In the cabin, and especially in the cargo hold, it can get cold! In addition to a soft mat or other bedding on the floor of the carrier or crate, place a warm, snuggly blanket or two for your pup to burrow into.

Although crates and carriers are the safest way to travel in the car, too, they aren’t a necessity. If your trip is looming and you haven’t crate trained your dog, consider using a dog harness and doggy seatbelt instead.

Look for a harness that is crash tested or, at the very least, that has a loop for connecting to a seat belt to keep your pup secure. For safety’s sake, your dog should always ride in the back seat or rear of the car.

Boston terrier - where do small dogs come from?

How to crate train your dog for an upcoming trip

If you’ve never crated your dog before, you’ll need to do some training before your trip to prevent your pup from having a meltdown at 10,000 feet. Some dogs take to the crate quickly and easily. Others require desensitization to accept that the space is safe.

Introduce the crate or carrier

  • Place the crate (or carrier) in your kitchen, living room, or other area of the home in which the family regularly hangs out. Make it snuggly inside with a soft mat and blankets.
  • Feed your dog their meals inside the crate. Start with the door open. When they’ve started going in and out of the crate easily, try closing the crate door for the duration of the meal.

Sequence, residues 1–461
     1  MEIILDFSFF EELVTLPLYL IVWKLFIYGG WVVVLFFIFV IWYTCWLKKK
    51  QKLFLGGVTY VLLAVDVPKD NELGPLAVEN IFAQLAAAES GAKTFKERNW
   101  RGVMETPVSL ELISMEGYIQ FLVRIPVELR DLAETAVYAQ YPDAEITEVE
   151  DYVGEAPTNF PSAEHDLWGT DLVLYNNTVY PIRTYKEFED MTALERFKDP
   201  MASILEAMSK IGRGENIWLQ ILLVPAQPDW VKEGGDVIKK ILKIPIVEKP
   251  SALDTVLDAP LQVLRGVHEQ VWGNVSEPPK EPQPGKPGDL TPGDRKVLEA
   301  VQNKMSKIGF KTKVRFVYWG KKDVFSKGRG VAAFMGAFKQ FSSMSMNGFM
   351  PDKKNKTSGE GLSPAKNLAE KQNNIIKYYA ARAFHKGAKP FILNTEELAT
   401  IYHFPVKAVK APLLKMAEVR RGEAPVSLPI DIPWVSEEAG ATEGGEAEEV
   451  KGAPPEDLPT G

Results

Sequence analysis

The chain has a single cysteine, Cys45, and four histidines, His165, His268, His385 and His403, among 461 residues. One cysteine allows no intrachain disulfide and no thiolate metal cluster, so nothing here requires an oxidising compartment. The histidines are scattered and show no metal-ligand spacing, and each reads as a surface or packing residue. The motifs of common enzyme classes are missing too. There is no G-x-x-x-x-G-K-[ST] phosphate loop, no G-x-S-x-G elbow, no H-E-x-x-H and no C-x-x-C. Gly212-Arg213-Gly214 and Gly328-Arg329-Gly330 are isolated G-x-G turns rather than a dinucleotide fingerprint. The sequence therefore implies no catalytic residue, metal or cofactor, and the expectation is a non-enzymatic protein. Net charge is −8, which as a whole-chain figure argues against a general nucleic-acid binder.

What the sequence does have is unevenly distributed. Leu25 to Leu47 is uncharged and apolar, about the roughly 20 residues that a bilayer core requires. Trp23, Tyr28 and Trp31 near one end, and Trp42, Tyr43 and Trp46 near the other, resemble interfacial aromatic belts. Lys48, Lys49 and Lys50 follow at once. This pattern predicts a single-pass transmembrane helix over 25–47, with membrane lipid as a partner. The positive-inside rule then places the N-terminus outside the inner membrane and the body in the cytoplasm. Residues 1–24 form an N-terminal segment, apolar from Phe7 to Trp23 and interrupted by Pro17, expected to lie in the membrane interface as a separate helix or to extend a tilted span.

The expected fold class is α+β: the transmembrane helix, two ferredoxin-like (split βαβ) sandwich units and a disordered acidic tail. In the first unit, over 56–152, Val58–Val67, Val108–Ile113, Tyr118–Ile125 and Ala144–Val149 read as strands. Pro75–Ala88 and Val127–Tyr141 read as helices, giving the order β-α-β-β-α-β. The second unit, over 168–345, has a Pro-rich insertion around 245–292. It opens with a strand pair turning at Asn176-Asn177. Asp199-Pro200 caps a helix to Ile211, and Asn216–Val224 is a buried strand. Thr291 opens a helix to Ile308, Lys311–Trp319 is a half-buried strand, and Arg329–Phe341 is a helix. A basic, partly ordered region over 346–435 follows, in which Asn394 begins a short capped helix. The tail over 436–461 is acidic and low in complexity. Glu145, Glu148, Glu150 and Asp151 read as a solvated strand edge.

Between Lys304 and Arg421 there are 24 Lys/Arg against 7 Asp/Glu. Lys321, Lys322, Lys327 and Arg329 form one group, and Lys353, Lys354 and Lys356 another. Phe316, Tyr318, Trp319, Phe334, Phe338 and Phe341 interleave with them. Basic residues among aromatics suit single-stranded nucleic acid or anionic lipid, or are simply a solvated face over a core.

• Offer your puppy tasty, long-lasting treats inside the crate such as bully sticks, pig’s ears, marrow bones or puzzle toys filled with treats. Let them enjoy the chewie or toy with the door open at first, then try closing the crate door as they munch happily away.
  • Gradually increase the time your pup is inside the crate. Dogs should be given a break from the crate every three hours, unless they are on a flight.


If you’ve introduced your dog to the crate properly and they still refuse to enter willingly or remain inside for even short periods of time, add desensitization to your training. Try the following steps, moving forward slowly so that you don’t overly stress or frighten your dog.

  1. Throw a treat into the crate and encourage your pup to follow it inside. Close the door for a second then let them back out. Repeat five times.
  2. Begin to slowly increase time inside the crate. Throw a treat and closing the door for 5-10 seconds before letting them out. Repeat at least five times. Next, try the same thing but for 10-20 seconds, and so on. Only add more time if your dog is able to complete the previous attempt without vocalizing, digging or otherwise panicking.
  3. Work your way up to several minutes and beyond, picking up the speed little-by-little as your pup progresses.

If you try pushing a dog who can only be inside of the crate for 10 seconds to one minute, you are asking a lot. But if you try pushing a dog who can be inside of a crate for 10 minutes to 11 minutes, it won’t feel like an enormous jump. In other words, the speed you move forward is relative to the time your dog has already achieved inside the crate.

With these tips, you should be well on your way to a stress-free trip for both you and your dog.